THE Carbon Market Institute (CMI) last week launched its inaugural Carbon Farming Scorecard report, with its analysis of Australia’s carbon farming policy frameworks finding Queensland as the best jurisdiction for the industry.
The report found that while Australia has strong frameworks able to foster a world-leading industry, there is a need for greater policy ambition and leadership, as well as an ongoing focus on integrity and stronger alignment with private finance.
The Scorecard Report follows the 6th Carbon Farming Industry Forum which concluded on 7 April last week.
Overall, Queensland (80 percent) was the standout jurisdiction in acknowledging the significant role carbon farming can play in delivering the state’s environmental commitments, including emissions reduction.
It also demonstrated strong progress in prioritising the resources required to build market capacity, implement strong policy, and acknowledged the importance of integrating environmental, agricultural productivity, and social co-benefits for Indigenous and other regional communities.
The report acknowledges that Queensland, like other states, leverages the decade-old federal framework for verifying and crediting carbon farming and other emission reduction and removal activities, under the Emission Reduction Fund (ERF).
The federal government (70pc) was recognised for developing this world leading regulatory and legislative framework first initiated in 2011, however recent market interventions and limited overall ambition within the broader climate policy suite impacted its score.
The report noted recent trials and explorations of innovations in relation to environmental co-benefits as well as market exchanges and capacity-building which could further strengthen scores in 2023. However, it highlighted the need to deliver and expand on these, improve data management and reporting, as well as build investor and community confidence through ongoing transparency and reviews.
New South Wales (64pc) also scored relatively strongly following its recent $125m commitment to its Primary Industries Productivity and Abatement Program, which will see carbon farming play an important role in the state’s ambitious emissions reduction targets of 50pc by 2030. However, the report notes that the state’s progression is still in its early stages, and requires further development and recognition of co-benefits, training and education resources and links to private investment.
“Despite challenges over the last decade, as well as recent scrutiny of carbon crediting and impactful policy interventions, the report identifies land-based solutions as a critical element of almost every Government’s net zero strategy,” CMI CEO John Connor said.
“While there is rightly a focus on integrity, ambition and support for landholders, our 6th Carbon Farming Industry Forum highlighted political support across the spectrum for carbon farming as a contribution to national emission reduction and removal activities to achieve net-zero and for some net-negative emissions.
“We commend the higher-performing jurisdictions in raising the bar with some substantial policies in place across the country, as well as acknowledging the role of the federal government in building a strong platform for the industry over the last decade. However, we are at a critical juncture where this framework needs to be scaled up and rejuvenated to chart a more ambitious path and link them to the required scale and urgency of industrial decarbonisation policies.”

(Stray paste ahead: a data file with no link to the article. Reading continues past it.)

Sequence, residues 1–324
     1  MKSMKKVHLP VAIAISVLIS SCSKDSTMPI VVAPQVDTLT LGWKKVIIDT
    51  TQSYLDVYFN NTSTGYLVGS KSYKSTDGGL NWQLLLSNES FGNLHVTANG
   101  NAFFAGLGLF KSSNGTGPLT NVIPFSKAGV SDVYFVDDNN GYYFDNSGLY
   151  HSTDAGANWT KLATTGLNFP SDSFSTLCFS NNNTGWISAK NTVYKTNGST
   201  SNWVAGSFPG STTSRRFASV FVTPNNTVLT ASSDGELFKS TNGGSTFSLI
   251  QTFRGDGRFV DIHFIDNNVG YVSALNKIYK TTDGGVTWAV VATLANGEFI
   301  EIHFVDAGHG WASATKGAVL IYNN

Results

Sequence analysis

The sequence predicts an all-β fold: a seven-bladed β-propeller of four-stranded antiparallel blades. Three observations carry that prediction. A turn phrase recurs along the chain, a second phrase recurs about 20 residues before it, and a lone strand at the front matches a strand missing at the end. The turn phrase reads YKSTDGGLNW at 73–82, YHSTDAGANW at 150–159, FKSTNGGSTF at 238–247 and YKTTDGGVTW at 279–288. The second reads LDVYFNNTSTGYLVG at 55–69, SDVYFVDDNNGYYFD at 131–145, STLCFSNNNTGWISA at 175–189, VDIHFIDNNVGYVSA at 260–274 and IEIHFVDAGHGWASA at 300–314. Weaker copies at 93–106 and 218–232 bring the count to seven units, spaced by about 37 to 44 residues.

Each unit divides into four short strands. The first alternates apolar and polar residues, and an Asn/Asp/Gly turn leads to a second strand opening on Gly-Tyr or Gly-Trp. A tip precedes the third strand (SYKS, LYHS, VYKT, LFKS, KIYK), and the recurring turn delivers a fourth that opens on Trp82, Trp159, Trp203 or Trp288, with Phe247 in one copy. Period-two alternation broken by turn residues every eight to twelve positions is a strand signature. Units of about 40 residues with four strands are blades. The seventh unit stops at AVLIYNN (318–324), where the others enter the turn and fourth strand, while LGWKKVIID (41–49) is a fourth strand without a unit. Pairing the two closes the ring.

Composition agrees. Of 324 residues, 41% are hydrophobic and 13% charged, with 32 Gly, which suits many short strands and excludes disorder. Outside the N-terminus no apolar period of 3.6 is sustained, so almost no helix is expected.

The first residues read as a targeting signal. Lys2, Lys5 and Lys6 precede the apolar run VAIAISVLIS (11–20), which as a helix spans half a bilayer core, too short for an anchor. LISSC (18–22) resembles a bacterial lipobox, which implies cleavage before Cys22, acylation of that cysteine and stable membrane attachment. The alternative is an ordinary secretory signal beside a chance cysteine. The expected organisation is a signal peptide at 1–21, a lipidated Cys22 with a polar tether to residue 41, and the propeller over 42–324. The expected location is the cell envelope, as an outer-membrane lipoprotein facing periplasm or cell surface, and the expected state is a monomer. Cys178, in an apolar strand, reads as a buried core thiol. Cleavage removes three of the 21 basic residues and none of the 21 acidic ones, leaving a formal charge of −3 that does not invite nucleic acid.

“Overall, the scorecard illustrates the unique opportunity for Australia’s carbon farming sector to play a key role in driving down emissions, supporting climate repair and resilience, and generating jobs, revenues and other co-benefits for communities across the country.”
Of the other states and territories, the report found that South Australia (49pc) and Western Australia (45pc) have both developed carbon-farming policies and assessed opportunities in their state.
However, SA’s well-established Blue Carbon Strategy and more sophisticated government engagement afforded a higher score, with WA still grappling with legislative barriers preventing projects from being undertaken.
Victoria (36pc) has also announced a series of carbon farming initiatives and policies, which are still in the early stages of implementation and yet to provide further details on the practicalities of its Carbon Farming Program, among other initiatives.
While the Northern Territory (31pc) has a history of carbon farming through collaboration with Aboriginal traditional owners, particularly focusing on savanna-burning projects, and Tasmania (33pc) is progressing its industry through direct funding and awareness-raising initiatives, both still have under-developed policy frameworks.
It should be noted that while the Australian Capital Territory (ACT) is supportive of carbon farming, its geographic size and limitations, and emissions profile means carbon farming has appropriately not been a key strategy for the jurisdiction to date.
The Carbon Farming Scorecard report was developed with KPMG’s support as research partner, and comprises 12 criteria against which Australia’s federal and state and territory governments have been assessed, and are grouped under the Carbon Farming Industry Roadmap’s four critical pillars for industry development: “Optimising Policy Frameworks and Market Design; Unlocking Finance and Investment; Quantifying Co-benefits and Creating New Markets, and; Communicating Benefits and Building Capacity”.
Source: Carbon Market Institute